One of the NHL's cornerstone events over the last few years is off the regular season schedule, as the league announced the cancellation of the 2013 Winter Classic on Friday.
The move had been speculated for some time, as the league's payment plan for use of The Big House at the University of Michigan calls for $250,000 to be paid to the school on Nov. 2. The rest of the payment schedule was to have $1 million paid on Dec. 7 and on Dec. 28 and $650,000 on Jan. 18.
"The logistical demands for staging events of this magnitude made today's decision unavoidable. We simply are out of time," said NHL Deputy Commissioner Bill Daly in a statement. "We are extremely disappointed, for our fans and for all those affected, to have to cancel the Winter Classic and Hockeytown Winter Festival events."
The NHL has already cancelled regular season games through the end of the month. A total of 326 regular-season games - 26.5 percent of the season - from Oct. 11 through Nov. 30 have been wiped out.
This year's Winter Classic between the Toronto Maple Leafs and Detroit Red Wings was billed as the biggest in the event's six-year history.
Organizers were expecting a crowd that would eclipse the world record of 104,173 who attended the "Big Chill" NCAA game at the University of Michigan in 2010 and an increased number of secondary events - including alumni, junior, college and American Hockey Leagues games - were slated for a second outdoor venue at Comerica Park in Detroit.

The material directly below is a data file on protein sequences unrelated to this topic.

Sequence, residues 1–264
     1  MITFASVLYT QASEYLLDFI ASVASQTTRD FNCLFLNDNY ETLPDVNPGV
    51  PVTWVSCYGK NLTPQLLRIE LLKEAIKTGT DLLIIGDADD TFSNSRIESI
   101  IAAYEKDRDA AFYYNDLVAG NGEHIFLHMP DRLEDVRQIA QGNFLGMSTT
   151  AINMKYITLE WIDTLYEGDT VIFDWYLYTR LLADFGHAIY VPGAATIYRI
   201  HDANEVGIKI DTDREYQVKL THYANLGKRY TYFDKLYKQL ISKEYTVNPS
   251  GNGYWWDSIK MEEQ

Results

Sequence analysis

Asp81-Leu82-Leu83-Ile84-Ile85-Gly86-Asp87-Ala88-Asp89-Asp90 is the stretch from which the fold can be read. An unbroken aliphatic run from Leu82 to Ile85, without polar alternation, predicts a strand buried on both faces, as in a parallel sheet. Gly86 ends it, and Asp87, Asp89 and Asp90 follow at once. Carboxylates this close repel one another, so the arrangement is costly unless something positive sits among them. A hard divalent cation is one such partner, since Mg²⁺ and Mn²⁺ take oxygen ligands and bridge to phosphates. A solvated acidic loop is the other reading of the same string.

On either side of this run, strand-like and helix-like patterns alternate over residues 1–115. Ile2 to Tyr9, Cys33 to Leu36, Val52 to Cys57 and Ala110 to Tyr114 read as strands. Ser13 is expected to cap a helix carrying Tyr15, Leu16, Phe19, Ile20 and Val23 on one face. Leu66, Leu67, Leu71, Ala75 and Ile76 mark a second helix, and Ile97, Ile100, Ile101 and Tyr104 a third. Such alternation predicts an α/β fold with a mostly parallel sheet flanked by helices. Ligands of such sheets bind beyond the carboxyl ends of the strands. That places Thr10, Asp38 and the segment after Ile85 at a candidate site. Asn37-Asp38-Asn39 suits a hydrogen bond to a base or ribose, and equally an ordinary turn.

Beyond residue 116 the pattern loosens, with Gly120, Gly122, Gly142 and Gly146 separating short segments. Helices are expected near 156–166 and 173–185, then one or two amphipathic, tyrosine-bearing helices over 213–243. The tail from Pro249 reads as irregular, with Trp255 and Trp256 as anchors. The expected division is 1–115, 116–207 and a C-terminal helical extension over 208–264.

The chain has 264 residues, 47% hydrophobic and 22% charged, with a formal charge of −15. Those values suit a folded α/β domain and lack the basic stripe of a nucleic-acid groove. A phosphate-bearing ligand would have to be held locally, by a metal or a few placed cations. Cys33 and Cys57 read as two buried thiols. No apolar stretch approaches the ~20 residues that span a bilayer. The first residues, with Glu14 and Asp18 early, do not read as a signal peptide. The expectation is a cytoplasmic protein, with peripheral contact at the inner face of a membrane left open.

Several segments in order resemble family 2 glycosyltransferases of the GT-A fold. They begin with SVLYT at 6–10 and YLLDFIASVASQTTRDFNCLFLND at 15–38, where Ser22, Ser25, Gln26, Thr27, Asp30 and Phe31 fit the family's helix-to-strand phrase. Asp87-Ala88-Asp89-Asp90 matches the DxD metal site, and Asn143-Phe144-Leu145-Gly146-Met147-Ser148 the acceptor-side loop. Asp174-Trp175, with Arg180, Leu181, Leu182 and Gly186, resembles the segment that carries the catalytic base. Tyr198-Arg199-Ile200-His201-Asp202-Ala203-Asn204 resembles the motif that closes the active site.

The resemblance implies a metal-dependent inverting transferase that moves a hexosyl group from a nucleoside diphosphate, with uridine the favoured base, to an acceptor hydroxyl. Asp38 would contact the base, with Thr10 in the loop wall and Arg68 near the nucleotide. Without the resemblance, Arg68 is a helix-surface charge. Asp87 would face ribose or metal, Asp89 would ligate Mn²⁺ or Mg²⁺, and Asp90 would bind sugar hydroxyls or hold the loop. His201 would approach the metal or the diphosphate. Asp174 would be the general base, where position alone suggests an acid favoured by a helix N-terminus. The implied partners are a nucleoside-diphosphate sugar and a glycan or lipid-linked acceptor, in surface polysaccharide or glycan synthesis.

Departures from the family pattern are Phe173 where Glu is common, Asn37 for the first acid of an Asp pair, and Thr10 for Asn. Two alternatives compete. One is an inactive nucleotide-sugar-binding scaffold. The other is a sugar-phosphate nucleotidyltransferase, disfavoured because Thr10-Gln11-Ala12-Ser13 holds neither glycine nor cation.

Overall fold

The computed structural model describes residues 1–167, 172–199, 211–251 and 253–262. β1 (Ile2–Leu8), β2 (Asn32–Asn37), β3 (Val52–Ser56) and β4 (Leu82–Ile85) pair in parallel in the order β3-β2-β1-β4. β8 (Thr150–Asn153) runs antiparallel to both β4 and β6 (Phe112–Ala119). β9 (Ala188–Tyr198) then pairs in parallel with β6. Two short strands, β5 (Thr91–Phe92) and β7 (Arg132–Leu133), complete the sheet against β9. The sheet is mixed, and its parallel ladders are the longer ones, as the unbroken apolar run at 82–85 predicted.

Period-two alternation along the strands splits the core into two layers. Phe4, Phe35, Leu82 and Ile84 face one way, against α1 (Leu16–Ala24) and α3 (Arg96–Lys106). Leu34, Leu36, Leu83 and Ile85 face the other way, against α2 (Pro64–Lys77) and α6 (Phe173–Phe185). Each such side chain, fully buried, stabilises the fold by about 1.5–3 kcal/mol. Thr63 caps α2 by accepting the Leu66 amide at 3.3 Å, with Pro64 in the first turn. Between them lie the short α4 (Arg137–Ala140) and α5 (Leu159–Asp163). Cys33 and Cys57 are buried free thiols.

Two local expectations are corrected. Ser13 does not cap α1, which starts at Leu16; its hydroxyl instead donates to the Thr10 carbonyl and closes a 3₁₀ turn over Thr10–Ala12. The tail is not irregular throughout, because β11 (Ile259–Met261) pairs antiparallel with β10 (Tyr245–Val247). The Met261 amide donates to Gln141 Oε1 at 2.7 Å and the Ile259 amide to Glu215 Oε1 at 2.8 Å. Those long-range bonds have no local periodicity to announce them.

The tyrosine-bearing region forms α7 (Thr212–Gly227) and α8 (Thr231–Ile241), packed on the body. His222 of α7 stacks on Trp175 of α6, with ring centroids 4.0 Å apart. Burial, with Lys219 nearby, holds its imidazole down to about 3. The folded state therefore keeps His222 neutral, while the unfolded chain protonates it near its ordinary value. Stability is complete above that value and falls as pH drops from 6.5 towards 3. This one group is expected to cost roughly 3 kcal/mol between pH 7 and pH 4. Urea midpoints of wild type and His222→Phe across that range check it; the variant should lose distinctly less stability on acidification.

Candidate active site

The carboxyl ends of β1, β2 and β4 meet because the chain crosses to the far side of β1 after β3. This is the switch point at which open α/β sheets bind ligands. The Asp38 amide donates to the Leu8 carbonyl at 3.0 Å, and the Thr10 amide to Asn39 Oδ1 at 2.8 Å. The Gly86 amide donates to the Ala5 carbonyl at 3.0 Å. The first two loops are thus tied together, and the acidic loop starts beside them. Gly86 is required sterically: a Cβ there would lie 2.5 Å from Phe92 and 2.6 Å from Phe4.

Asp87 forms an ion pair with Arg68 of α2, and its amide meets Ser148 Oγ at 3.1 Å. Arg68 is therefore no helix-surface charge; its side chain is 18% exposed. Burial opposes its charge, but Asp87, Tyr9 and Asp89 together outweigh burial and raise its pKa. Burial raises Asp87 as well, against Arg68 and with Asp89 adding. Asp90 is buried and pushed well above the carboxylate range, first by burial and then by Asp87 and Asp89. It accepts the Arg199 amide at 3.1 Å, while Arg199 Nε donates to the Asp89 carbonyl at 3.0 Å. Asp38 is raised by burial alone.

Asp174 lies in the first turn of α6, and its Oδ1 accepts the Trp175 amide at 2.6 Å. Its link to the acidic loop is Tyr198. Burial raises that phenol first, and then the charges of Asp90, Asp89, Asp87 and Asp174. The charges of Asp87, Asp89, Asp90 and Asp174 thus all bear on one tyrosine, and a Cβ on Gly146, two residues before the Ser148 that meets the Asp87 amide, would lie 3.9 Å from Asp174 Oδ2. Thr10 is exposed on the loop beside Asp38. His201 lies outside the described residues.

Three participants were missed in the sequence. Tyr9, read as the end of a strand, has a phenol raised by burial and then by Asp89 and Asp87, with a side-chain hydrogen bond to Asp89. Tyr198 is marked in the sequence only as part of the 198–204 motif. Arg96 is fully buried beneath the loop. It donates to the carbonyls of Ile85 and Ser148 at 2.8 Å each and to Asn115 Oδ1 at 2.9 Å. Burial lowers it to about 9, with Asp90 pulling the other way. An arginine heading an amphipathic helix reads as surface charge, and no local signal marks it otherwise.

The NHL also announced it plans to hold the next Winter Classic - between the Leafs and Red Wings - at Michigan Stadium should the league finalize a new collective bargaining agreement with the NHL Players' Association.
"The NHL's decision to cancel the 2013 Bridgestone NHL Winter Classic is unnecessary and unfortunate, as was the owners' implementation of the lockout itself," said NHLPA executive director Donald Fehr in a statement. "The fact that the season has not started is a result of a unilateral decision by the owners; the players have always been ready to play while continuing to negotiate in good faith. We look forward to the league's return to the bargaining table, so that the parties can find a way to end the lockout at the earliest possible date, and get the game back on the ice for the fans."